To date the relationships between the type of housing service and severity of disease or functional impairment have only been investigated in a small number of studies. In Italy, de Girolamo et al. [8] examined a sample of 2962 residents from 265 facilities and found that the level of care measured by staff hours was positively related to the level of impairment measured by the Global Assessment of Functioning Scale (GAF) and the Health of Nations Outcome Scale (HoNOS). However, they also found that the chance of the residents being discharged from their current residential facility and switching to a facility with a lower level of institutionalisation was rather small and difficult to predict on the basis of the individual level of impairment [8, 9]. In the UK, Lelliott et al. [10] examined 1951 residents of 368 facilities and found a positive association between the severity of resident disability and the level of staffing in the residential settings. Also in the UK, a more recent study of 414 patients from 183 residential services by Priebe et al. found that the level of institutionalisation (home care vs. supported housing vs. floating support) was positively related to the number of met service needs assessed by the Camberwell Assessment of Needs (CAN) but that the characteristics of clients greatly overlapped between the different types of services [11].

In the Netherlands, de Heer-Wunderink et al. [12] compared the characteristics of 1656 residents in Dutch residential facilities with those of the residents from Italy examined by de Girolamo et al. They found that Dutch users of residential facilities were younger and had a higher level of functioning than those from Italy. The authors concluded from these results that the de-institutionalisation process in the Netherlands was not as advanced as in Italy [12]. In another study, the same authors compared the characteristics of 534 Dutch mentally-ill residents with those of the UK sample examined by Priebe et al. [11]. They found that Dutch residents in assisted housing and users of supported independent living services had more met service needs that those of the UK sample. Moreover, the comparison of the met service needs and the clinical characteristics of the Dutch residents in assisted housing and those in supported independent living revealed that the former had more service needs (met as well as unmet) than those in supported independent living although the level of impairment measured by HoNOS and subjective quality of life did not differ significantly between them [13].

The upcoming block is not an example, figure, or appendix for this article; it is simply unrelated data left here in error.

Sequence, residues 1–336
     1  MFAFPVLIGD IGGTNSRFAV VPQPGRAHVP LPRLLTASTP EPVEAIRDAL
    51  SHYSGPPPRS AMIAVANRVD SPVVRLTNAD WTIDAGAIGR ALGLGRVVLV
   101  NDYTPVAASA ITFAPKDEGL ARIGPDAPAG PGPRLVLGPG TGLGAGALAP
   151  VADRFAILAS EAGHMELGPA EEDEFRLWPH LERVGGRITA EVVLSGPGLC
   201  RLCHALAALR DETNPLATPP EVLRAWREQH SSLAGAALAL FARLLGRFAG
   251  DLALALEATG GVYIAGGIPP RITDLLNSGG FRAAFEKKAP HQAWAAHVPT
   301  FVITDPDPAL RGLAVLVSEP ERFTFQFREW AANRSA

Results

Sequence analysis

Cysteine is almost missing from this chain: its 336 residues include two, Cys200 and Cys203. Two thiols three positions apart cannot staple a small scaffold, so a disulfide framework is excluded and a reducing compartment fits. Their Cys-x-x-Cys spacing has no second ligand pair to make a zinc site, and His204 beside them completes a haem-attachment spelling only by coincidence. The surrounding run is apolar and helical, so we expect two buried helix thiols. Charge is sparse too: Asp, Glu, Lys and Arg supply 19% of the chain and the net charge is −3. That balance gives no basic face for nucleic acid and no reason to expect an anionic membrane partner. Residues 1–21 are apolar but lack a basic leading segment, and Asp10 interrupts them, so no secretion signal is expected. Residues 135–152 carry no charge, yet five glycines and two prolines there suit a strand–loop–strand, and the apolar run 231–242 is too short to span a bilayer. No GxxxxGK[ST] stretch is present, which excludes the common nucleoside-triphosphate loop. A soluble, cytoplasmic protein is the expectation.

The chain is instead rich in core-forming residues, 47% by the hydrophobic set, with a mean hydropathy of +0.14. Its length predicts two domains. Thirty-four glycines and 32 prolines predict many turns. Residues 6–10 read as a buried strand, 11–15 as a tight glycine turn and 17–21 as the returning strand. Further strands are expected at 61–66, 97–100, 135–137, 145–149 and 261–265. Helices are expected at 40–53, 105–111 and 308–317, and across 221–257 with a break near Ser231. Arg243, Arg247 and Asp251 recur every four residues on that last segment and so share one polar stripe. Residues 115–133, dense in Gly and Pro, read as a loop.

In Germany, Richter [14] examined 1486 users of housing services in the region of Westphalia in northern Germany. He included housing services comprising closed inpatient facilities, open inpatient facilities, foster family care, and outpatient supported care settings. Richter found that the level of institutionalisation was positively related to the level of impairment measured by HoNOS but that the subjective quality of life was similar in all groups. However, the author noted that the mean HoNOS scores in the German sample were higher than those in the samples from Italy [14]. This is also true for the comparison of samples from the Netherlands [12, 13]. In terms of resident mobility between different levels of care, Richter revealed that about 80 % of the residents in the sample were assessed by staff members as being unable to live in a setting with an institutional level less than that currently provided [14].

Although the results of all the studies discussed above indicate that the level of institutionalisation in residential care is positively related to the level of impairment, no study has compared the level of impairment between patients in residential care with that of patients who live more independently in different housing settings in the community.


The main objective of this study was to examine to what extent the type of housing support received by patients with severe mental illness treated in outpatient clinics [15] is related to the severity of their mental illness, the impairment of their functional level, and their use of psychiatric treatment services.


Study sample

Data were collected in a rural catchment area in southern Germany. Psychiatric in- and outpatient services for the catchment are provided by one psychiatric hospital with 180 beds and an outpatient clinic which treats about 1000 patients annually [16, 17].